How to write an assembly program to calculate the dot products of two arrays ? Thx

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how to write an assembly program to calculate the dot products of two arrays ?? Thx

Anyone know how to write an assembly program (source code) to calculate the dot products of two arrays with LC 2 ?


Given:

The size of each array is 15 (a[0],...,a[14] ; b[0],...,b[14]) that are stored in the memory.

The dot product result is obtained by: a[0]*b[0] + a[1]*b[1] + ... + a[14]*b[14] and result is stored in the memory.
 

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  • #2
Borek
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Just like in every other language - open loop and go through both vectors at the same time. Try to write it in some pseudocode first, then translate into assembly.

And why do you want to do it an assembly, any higher level language will be much easier.
 
  • #3
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I would recommend to compile it in C, then view in your debugger in mixed mode (with assembly) or just decompile it, and then use dirrect assembly statements in your C program if you want to improve performance. Generally, you can't improve performance significantly unless you see that your compiler doesn't compile it right.

Watch out for extra pointer dereferencing and assignment to registers. The rest should be fine. When I say pointer dereferenceing, I mean to make sure that the variable you use to access the array address is in the register, rather than in RAM. That should improve speed by reducing memory bus access.

Depending on what you are looking for, don't forget to turn on optimizations.
 
  • #4
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In fact it is probably BETTER to write this kind of code in a higher level language like C-- array dot product is the kind of thing that could possibly be caught by auto-vectorization in your compiler if your compiler has it (meaning your code could take advantage of processor vector units like SSE). If you are writing in assembly on the other hand you will not get these advantages unless you go writing SSE instructions by hand...

This sounds like an assignment for a class, apparently "LC-2" is some kind of toy architecture from a particular textbook? It is unlikely anyone here would have experience with the specific textbook/tool you're using, so maybe it would help if you just explained to us what you have so far and where you're getting stuck.
 
  • #5
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In fact it is probably BETTER to write this kind of code in a higher level language like C-- array dot product is the kind of thing that could possibly be caught by auto-vectorization in your compiler if your compiler has it (meaning your code could take advantage of processor vector units like SSE). If you are writing in assembly on the other hand you will not get these advantages unless you go writing SSE instructions by hand...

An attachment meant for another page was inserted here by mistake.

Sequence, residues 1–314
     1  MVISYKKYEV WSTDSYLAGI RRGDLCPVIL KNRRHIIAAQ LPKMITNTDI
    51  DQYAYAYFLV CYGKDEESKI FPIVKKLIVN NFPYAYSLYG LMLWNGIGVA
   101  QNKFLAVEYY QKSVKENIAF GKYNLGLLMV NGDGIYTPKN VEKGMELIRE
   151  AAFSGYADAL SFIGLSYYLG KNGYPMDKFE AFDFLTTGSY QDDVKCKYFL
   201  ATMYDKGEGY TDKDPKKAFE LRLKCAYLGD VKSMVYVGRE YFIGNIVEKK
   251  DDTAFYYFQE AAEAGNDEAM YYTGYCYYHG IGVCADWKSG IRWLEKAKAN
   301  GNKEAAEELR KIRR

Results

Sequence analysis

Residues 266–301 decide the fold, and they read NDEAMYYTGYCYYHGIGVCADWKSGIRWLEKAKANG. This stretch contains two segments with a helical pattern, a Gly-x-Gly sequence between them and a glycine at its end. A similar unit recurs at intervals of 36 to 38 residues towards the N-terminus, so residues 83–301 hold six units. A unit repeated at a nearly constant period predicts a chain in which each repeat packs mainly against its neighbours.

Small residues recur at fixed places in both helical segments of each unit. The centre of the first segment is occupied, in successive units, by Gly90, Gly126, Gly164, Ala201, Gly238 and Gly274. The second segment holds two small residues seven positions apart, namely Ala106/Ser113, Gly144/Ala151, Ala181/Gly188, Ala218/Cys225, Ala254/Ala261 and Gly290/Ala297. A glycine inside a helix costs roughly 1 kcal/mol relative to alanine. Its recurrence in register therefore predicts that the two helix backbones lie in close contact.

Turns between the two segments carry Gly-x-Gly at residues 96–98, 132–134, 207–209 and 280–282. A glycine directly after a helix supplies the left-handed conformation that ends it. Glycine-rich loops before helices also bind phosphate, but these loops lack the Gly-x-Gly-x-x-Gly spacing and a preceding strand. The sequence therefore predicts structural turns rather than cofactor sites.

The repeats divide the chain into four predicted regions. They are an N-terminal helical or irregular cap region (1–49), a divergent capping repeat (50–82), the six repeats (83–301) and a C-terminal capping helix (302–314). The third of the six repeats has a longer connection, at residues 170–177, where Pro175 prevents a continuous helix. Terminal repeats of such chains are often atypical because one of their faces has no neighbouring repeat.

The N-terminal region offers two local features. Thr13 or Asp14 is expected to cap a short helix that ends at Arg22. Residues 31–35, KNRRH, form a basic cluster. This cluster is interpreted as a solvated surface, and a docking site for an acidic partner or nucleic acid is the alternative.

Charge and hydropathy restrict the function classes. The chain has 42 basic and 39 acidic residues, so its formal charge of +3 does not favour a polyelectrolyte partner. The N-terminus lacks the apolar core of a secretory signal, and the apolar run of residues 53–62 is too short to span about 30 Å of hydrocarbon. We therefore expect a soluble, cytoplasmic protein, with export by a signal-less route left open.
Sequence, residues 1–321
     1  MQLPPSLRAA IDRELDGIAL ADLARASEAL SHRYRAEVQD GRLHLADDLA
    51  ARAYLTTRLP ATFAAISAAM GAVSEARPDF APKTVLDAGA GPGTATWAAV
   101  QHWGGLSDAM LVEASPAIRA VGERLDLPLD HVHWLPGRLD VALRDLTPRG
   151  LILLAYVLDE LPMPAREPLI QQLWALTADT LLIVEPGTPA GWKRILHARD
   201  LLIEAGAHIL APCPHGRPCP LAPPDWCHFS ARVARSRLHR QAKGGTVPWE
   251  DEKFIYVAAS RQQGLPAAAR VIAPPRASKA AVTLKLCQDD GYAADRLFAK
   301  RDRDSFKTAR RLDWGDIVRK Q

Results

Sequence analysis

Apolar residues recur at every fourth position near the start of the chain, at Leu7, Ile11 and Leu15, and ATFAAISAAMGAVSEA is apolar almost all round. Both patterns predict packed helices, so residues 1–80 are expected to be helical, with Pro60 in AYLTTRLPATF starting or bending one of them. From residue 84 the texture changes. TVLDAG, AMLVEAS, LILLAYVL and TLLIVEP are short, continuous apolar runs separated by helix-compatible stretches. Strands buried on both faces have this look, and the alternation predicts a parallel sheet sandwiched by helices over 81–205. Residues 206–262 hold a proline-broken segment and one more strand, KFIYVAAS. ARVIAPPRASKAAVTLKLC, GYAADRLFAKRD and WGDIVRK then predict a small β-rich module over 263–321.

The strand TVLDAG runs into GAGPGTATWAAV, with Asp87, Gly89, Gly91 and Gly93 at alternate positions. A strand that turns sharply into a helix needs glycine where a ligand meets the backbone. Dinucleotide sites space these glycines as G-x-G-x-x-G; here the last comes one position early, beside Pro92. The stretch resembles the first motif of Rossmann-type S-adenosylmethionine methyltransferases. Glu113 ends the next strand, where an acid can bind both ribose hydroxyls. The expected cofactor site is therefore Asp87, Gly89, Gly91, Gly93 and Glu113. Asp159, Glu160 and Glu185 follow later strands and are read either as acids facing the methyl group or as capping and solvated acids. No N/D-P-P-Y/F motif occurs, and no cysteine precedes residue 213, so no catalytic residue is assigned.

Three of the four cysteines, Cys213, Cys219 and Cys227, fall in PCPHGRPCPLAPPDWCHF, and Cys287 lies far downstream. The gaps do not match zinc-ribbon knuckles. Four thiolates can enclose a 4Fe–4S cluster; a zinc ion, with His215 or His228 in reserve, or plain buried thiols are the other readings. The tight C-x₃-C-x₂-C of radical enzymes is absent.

But I suspect that the OP is taking a class in assembly, so writing the code in a higher-level language is probably not an option.
This sounds like an assignment for a class, apparently "LC-2" is some kind of toy architecture from a particular textbook? It is unlikely anyone here would have experience with the specific textbook/tool you're using, so maybe it would help if you just explained to us what you have so far and where you're getting stuck.
colourbox,
I don't know the architecture this is running on, so I don't know what registers are available. You'll need two registers that act as pointers to individual cells in the two arrays. You'll need another register that acts as a loop counter, from 15 down to 0. (When the register gets to 0, you're done.)

In each iteration of the loop you need to multiply the numbers that the two indexing registers point to, and add the result to an accumulating register (originally initialized to 0).
Then you advance each index to point to the next element in each array, and decrement the loop counter.

That's the basic idea.
 
  • #6
chiro
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Colourbox if you're trying to write optimal routines you might want to look into vector processing functions like SSE or SSE2 (that is the intel instruction set, I think AMD chipsets also support it but don't quote me on this).

The SSE/SSE2 instruction sets basically let you execute mathematical instructions on vectors of words (from what i remember SSE2 words are 128-bit in size).

The Intel Compiler has native support for vector operations where you use macros to specify the commands. Otherwise you can download the architecture and instruction set manuals from the manufacturers website.
 
  • #7
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I might be wrong, but I don't think colourbox is interested in optimized code or the SSE/SSE2 instruction set on Intel chips, but is interested specifically in LC2 assembly language. I found some examples from a guy who was in an assembly class at UCR (Univ. of Calif. at Riverside, I think) here:http://matmrosko.com/2007/11/09/assembly-ucr-cs61/ [Broken]
 
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